by Laura Magnani
The first time I visited a prisoner, I was in my early 20s and working for the Friends Committee on Legislation of California in Sacramento. When we told the prisoner that two of us wanted to visit, he distanced himself from the idea as much as possible: “I know you are really busy. You shouldn’t really take the time. I’ll understand if you can’t make it.”Once inside the gates, all conversation between my mentor and me ceased. It immediately became obvious that this was some foreign land built on assumptions far different from the ones I had previously known. We waited in a room next to the visiting room, where you weren’t allowed to bring a book, or newspaper, or anything that could help you meaningfully pass the time. Time is what there was plenty of there. When we were finally escorted into the visiting room, our friend found his way to our table, reached out his hand, and said, “Thanks for coming; I haven’t had a visit in 13 years.”
Years later, in a federal women’s prison, I facilitated a women’s group, one of whose members decided to throw a birthday party for herself. She invited a few friends and sat with them on her bunk, surrounded by a few candy bars she was able to purchase from the commissary. A guard came by and saw this scene, broke it up, and confiscated the candy. He gave no particular reason for this action. They were breaking no rules, but he just thought there must be something wrong because they were enjoying themselves in prison. Or maybe he was just having a bad day. The system allows him—even encourages him—to take out his pain on others. The women had absolutely no recourse, and they knew it.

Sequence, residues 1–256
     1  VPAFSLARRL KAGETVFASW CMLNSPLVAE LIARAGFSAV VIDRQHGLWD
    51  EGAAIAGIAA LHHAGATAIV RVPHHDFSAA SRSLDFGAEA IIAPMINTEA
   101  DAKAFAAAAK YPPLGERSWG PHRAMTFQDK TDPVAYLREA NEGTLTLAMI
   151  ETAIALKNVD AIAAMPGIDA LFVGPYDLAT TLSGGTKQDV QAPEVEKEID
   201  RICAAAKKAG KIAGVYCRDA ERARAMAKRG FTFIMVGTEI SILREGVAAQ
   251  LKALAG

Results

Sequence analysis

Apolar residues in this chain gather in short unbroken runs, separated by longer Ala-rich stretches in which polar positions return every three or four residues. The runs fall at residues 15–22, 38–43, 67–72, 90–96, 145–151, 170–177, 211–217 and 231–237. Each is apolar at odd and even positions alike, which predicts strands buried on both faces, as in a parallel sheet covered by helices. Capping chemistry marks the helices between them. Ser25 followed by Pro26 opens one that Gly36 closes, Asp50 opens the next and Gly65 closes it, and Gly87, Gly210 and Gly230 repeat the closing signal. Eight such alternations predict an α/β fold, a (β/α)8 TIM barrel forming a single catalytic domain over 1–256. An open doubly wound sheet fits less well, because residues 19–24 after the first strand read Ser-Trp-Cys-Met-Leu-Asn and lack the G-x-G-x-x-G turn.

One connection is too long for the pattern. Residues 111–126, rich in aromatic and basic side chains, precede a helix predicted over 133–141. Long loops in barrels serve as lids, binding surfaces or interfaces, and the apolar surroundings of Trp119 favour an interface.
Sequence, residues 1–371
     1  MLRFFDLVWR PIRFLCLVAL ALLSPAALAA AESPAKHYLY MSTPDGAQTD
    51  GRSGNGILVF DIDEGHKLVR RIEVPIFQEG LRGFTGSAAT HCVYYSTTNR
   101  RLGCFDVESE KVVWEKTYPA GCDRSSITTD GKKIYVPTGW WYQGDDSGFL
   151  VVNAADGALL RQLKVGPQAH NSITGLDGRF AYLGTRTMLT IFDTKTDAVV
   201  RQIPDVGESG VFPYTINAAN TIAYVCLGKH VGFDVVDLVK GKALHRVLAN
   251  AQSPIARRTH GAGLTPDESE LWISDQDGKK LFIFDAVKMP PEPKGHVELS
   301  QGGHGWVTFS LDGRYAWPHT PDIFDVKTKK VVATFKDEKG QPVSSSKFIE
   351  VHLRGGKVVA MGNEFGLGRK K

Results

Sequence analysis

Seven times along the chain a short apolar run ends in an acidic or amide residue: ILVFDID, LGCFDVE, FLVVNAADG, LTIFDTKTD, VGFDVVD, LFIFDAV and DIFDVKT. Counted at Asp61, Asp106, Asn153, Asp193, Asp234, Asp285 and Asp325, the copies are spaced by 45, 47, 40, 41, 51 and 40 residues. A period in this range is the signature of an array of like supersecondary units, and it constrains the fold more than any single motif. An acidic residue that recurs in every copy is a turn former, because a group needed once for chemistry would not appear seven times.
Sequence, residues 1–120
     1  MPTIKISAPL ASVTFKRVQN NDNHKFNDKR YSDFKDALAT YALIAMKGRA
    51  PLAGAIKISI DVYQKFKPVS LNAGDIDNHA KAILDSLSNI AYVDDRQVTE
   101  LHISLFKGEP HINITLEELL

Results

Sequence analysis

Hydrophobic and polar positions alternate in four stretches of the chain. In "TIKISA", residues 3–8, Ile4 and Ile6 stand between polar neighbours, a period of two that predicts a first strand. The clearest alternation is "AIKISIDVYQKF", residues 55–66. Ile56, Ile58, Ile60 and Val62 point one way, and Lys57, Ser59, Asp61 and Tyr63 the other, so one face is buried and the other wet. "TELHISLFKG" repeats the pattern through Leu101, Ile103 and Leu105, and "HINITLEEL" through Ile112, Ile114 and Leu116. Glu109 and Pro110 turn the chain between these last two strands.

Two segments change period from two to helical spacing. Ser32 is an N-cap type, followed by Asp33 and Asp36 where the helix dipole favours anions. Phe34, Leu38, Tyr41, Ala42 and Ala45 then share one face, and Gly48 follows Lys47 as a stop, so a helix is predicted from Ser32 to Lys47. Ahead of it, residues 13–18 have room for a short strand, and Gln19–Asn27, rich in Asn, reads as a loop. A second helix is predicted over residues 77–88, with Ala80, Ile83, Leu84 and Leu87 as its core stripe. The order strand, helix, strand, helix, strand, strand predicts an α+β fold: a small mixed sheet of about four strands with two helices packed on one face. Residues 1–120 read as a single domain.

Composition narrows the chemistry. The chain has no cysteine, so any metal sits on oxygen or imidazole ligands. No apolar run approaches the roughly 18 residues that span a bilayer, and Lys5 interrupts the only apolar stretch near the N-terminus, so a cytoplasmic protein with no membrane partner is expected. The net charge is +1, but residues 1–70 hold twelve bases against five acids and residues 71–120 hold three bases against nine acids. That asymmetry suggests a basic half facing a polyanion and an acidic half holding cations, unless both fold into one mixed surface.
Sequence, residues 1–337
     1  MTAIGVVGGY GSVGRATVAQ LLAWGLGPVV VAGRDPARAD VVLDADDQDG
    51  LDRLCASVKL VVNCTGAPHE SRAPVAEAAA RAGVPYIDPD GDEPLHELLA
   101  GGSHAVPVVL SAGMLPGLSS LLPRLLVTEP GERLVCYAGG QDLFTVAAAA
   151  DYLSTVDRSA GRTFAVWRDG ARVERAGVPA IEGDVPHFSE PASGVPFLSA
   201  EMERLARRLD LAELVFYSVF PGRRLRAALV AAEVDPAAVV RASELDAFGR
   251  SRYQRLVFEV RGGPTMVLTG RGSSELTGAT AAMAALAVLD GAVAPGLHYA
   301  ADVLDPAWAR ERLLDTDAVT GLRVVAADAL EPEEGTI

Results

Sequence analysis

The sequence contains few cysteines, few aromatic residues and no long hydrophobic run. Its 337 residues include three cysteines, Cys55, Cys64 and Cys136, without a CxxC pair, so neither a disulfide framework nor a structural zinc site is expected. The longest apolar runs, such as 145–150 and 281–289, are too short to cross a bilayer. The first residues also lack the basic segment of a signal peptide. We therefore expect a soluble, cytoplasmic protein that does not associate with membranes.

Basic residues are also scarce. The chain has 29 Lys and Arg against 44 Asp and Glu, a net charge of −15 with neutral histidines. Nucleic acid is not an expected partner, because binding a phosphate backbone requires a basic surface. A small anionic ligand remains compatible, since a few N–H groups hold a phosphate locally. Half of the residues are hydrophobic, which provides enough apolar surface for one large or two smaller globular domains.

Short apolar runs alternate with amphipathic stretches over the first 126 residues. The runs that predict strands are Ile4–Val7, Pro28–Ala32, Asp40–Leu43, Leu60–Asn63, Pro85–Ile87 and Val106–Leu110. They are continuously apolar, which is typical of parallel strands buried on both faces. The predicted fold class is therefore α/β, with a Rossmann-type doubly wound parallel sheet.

To me, the beast is the embodiment of the evil of a system that operates as an intense harming force. We are all in its belly, drowning in its toxic juices as it swallows up our resources and delivers up more dangerous people into a world that is trained to hate them and block them from thriving on the outside.
I work on prison issues, so the beast that I want to unpack is what goes on in these very hidden institutions. There is a very high level of violence, engaged in by the keepers as well as the kept. Distrust and suspicion are the ruling factors, not sometime things people learn to engage in after they’ve been betrayed. People in prisons are constantly confronted with decisions: kill or be killed; show gentleness and vulnerability at your own peril; demonstrate leadership and you risk indefinite isolation and other punishment. The environment is so toxic that surviving is a constant struggle, and the chances of achieving something like wholeness are remote.
I know it is uncomfortable to stay in this place. But we can’t find our way out without knowing what we are dealing with. I want to focus on two features that I think illustrate the toxicity of this beast’s belly: racism and the use of solitary confinement.Read the rest of the Friends Journal article here.